A currency swap allows a central bank to exchange its domestic currency for a foreign currency. The recipient bank can then lend this foreign currency on to its domestic banks, on its own terms and at its own risk.
The current arrangement was set up in October 2013, with a maximum size of €45 billion and 350 billion yuan (€51.6 billion). The recent test, along with a previous test in April, used only 'symbolic' amounts of currencies, the ECB said.
"The tests were successful and demonstrated the ECB’s and the PBC’s operational readiness to activate the swap if needed on the basis of bilaterally agreed operational procedures," the ECB said.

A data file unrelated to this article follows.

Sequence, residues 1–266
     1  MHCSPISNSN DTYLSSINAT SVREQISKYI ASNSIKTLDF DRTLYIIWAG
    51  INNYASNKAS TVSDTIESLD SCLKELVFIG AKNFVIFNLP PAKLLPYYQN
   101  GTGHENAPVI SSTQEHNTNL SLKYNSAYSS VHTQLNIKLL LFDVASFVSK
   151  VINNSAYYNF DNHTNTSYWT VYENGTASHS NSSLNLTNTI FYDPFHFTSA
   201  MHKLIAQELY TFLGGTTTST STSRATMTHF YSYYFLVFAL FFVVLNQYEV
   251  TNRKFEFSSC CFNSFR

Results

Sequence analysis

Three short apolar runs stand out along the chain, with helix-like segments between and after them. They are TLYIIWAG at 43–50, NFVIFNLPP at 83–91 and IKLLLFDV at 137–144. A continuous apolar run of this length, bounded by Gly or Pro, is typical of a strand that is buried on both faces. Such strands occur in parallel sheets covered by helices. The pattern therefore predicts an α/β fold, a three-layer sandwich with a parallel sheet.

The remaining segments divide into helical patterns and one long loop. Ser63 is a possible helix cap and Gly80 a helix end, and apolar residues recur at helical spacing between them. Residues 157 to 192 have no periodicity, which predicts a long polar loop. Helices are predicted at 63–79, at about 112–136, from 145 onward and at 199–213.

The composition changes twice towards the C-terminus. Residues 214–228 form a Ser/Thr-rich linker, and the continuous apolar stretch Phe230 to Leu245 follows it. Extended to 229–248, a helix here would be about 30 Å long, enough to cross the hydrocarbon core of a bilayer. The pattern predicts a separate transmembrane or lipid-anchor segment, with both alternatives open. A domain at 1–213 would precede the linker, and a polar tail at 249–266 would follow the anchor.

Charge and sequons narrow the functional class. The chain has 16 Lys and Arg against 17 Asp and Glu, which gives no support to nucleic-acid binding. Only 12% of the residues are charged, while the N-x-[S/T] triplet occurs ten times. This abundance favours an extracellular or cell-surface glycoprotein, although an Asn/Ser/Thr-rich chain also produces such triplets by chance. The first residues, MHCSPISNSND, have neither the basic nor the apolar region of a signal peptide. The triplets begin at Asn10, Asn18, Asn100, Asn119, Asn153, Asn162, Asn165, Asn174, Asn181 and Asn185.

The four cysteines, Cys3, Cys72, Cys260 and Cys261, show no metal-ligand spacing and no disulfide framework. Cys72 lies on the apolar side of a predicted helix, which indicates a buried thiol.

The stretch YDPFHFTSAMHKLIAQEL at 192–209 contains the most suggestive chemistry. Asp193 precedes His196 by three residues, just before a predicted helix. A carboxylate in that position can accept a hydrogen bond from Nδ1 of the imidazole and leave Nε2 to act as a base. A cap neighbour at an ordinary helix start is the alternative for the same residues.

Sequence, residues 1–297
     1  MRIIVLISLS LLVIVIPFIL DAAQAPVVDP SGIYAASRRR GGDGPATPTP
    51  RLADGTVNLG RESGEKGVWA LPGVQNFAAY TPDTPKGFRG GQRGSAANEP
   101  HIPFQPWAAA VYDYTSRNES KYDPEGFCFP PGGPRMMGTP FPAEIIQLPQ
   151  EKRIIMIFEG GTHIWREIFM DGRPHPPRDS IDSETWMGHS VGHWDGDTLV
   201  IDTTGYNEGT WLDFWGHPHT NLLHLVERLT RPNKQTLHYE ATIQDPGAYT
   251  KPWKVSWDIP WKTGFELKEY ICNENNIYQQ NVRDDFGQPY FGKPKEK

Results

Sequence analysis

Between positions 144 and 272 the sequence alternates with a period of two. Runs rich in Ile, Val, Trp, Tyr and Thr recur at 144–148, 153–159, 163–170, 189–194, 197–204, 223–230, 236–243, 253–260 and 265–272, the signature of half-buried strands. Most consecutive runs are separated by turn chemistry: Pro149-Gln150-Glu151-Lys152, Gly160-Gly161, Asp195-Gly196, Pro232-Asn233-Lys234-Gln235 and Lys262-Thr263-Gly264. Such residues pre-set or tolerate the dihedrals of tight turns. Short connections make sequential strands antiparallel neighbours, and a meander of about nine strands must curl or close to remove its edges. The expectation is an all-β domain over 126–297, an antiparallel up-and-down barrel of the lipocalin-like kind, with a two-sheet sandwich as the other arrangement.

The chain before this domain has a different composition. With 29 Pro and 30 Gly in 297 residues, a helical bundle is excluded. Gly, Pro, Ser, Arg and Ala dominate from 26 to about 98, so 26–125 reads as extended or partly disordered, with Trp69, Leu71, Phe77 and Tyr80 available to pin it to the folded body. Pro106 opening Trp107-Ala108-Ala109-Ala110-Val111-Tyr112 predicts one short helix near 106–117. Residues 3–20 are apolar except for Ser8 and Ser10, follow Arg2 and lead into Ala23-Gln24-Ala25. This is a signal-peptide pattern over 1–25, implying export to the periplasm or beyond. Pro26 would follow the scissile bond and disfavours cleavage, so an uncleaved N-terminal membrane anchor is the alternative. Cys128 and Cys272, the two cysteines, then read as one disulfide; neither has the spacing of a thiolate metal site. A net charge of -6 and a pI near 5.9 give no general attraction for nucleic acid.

Having a functioning swap arrangement in place is important for global financial stability, the ECB said.
The tests were only run to check "operational readiness" and do not signal that the banks are about to activate a swap, the ECB said.
The Bank of England announced in October that it had agreed to renew its existing currency swap agreement with the PBC for a further three years. The maximum value of the swap line was increased to 350bn yuan "to reflect the continuing growth of renminbi trading in London", the Bank of England said.